Individual deaneries will favour different solutions to requests for LTFT training depending on the availability of slot shares, the percentage of time the LTFT trainee wishes to work and the availability of funding for supernumerary posts. Occasionally, a training scheme may not be able to meet the individual trainee’s needs in LTFT posts and permission to train less than full time may not be granted.

 

 

How does it work?

The Royal College of Psychiatrists (2009) stipulates that LTFT trainees should have the same opportunities to work in a range of clinical settings as full-time trainees.

Most trainees choose to work 50%, 60% or 80% of an FTE trainee and will therefore have access to pro rata clinical experience, personal development, audit, teaching and other experiences. The proportion of relevant experience per post may vary depending on the training needs at the time. For example, a requirement to attend an MRCPsych course may call for a higher percentage of time to be apportioned to education, which can be compensated for in subsequent posts. This will need to be discussed with the educational supervisor and approved by the training programme director. Training or other work activities undertaken on non-working days should be compensated by time off in lieu, which will again require discussion with the clinical and educational supervisors and the employing trust.

The specific hours worked by a trainee will depend on a combination of individual and service needs and educational opportunities. The pattern can be varied in different posts depending on changing needs so that core clinical experience is gained from each post. The best fit will be achieved by early discussion with the educational supervisor.

 

On-Call

On-call commitment is usually on a pro rata basis, although where an LTFT trainee is occupying a full-time post, they may sometimes be asked to do the same number of on-call duties as a full-time trainee.

 

Trainees may be asked to be on call on days that they would not normally be at work, especially if they work a full shift pattern. They may be expected to make arrangements to facilitate this. If a trainee has particular needs with regard to their hours of work, they will need to discuss the situation with their educational supervisor and the trust.

 

Workplace-Based Assessments (WPBAs)

Workplace-based assessments should be completed on a pro rata basis, although this should be considered a minimum rather than an absolute number.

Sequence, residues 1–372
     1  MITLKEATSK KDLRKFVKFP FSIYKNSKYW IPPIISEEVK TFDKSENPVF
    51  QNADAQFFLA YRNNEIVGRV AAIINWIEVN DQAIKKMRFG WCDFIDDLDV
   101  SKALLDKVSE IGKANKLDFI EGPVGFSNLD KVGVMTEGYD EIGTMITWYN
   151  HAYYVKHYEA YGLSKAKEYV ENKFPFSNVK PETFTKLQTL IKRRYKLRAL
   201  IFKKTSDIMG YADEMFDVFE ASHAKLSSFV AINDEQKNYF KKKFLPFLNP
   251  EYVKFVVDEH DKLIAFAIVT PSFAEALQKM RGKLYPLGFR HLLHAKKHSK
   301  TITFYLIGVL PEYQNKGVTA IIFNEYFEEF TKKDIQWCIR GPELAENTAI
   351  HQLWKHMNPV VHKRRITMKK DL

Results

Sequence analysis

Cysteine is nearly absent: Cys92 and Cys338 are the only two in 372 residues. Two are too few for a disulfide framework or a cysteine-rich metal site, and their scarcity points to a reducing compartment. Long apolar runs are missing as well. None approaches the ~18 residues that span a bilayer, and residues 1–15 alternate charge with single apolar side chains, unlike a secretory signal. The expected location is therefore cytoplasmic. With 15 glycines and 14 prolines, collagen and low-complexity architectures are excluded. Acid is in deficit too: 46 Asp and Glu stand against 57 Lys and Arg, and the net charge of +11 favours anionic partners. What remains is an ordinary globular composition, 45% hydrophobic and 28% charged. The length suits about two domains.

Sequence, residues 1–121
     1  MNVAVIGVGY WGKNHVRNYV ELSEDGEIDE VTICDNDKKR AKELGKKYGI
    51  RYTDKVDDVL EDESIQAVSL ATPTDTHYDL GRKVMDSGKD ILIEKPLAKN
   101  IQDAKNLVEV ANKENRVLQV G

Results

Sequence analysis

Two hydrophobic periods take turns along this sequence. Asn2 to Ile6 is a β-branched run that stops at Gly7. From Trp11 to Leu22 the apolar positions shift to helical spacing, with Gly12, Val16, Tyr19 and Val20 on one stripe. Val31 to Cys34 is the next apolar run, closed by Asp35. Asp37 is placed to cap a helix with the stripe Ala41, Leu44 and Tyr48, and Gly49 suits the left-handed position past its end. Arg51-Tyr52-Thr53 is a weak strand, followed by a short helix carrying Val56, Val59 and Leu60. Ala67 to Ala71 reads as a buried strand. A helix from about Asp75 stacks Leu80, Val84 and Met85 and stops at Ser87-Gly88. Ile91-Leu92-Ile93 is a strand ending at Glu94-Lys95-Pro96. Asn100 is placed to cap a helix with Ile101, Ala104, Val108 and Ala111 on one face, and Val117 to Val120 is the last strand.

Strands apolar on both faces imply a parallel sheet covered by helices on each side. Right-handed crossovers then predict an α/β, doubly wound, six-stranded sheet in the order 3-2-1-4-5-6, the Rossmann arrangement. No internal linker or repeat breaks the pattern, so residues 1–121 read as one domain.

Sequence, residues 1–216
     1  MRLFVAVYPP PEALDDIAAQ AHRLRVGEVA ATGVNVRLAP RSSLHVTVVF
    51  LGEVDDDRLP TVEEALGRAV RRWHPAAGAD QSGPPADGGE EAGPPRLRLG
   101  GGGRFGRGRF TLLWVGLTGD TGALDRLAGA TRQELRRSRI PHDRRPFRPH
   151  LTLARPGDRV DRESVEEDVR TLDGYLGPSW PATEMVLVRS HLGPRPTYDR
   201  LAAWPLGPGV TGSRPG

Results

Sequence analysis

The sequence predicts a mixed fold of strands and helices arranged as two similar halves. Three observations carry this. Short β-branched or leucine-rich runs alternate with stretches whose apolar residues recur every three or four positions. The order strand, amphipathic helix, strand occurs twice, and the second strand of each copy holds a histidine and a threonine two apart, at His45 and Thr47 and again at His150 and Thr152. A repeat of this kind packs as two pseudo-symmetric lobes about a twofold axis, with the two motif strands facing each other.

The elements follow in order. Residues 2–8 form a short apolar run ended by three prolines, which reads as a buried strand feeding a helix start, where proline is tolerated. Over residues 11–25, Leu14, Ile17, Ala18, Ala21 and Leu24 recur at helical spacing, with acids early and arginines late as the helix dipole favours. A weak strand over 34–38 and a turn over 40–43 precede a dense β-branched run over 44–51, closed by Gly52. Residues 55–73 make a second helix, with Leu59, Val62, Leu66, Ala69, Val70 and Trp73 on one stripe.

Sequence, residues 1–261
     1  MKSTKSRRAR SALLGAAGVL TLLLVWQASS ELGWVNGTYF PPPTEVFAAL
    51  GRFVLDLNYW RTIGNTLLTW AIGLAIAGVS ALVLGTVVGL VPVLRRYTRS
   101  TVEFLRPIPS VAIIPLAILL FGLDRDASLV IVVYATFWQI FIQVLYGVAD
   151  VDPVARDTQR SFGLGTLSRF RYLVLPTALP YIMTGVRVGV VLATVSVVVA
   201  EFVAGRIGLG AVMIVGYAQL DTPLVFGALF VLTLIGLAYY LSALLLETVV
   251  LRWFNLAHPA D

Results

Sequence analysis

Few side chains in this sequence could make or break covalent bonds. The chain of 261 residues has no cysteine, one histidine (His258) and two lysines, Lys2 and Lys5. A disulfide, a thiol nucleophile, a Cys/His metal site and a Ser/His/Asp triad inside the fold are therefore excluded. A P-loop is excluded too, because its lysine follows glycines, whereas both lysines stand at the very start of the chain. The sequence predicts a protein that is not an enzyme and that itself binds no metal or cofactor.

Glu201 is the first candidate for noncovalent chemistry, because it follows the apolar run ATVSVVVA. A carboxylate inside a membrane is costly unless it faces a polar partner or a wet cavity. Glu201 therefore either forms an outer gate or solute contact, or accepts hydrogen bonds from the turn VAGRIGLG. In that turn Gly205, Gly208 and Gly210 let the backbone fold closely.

Progression Through Training

Training progression is achieved on a pro rata basis. A trainee working 60% of full time will move from one year of training to the next after 20 months. However, an annual review of competence progression (ARCP) will still take place on an annual basis, with a successful outcome being achieved by the presentation of evidence of training proportional to the time worked.

Rotation between clinical posts generally takes place at the same time as for the full-time trainees, except in cases of supernumerary posts where the situation allows more flexibility. The problem previously encountered whereby LTFT trainees did not satisfy the College’s requirement for a job to be of 6 months’ duration to qualify for training and examination purposes has now been addressed. So although an LTFT trainee may only have worked in a post pro rata for 4 or 5 months, this will still be considered adequate for training purposes.

 

A LTFT trainee can act up for a period of three months, can request a period of 6 months grace, and can apply for consultant post six months before their CCT.

 

Study Leave

Less-than-full-time trainees have the same entitlement to study leave as full-time trainees on a pro rata basis. The exception is mandatory training which will need to be undertaken at the same rate as full-time trainees. Where training requires attendance on non-working days, time should be taken back in lieu. This will need to be discussed with the educational supervisor and the employing trust.

 

Annual Leave and Bank Holidays

Annual leave is pro rata, as are bank holidays. A trainee working 60% of full time is therefore entitled to have 60% of bank holidays included in their leave allowance.

 

Support

Networking with other LTFT trainees can provide an invaluable source of support, opportunity for information-sharing and may help to find job-share partners. Some trainees may seek a mentor and the deanery lead for LTFT training may be able to make useful suggestions in this regard.

 

Further Information

Each deanery’s website has information about LTFT training as well as the name of the person responsible for LTFT training. The College has a director of LTFT training who sits on various committees and provides a link between the College, the deaneries, the Junior Doctors Committee, Medical Women’s Federation, LTFT Forum and the Intercollegiate Improving Working Lives Committee, thereby representing the needs of LTFT trainees. The deanery leads or the director of LTFT training for the College can provide information, give guidance with any difficulties encountered by trainees and generally offer advice.

Useful sources of information include:

  • The  Gold  Guide  –  A  Reference  Guide  for  Postgraduate Specialty Training in the UK

 

Reference

 

This information guide is intended for a trainee psychiatrist considering or currently working less than full time. The information can be used as a guide only and is not a substitute for professional advice. If you need further advice and support, please contact the Psychiatrists’ Support Service.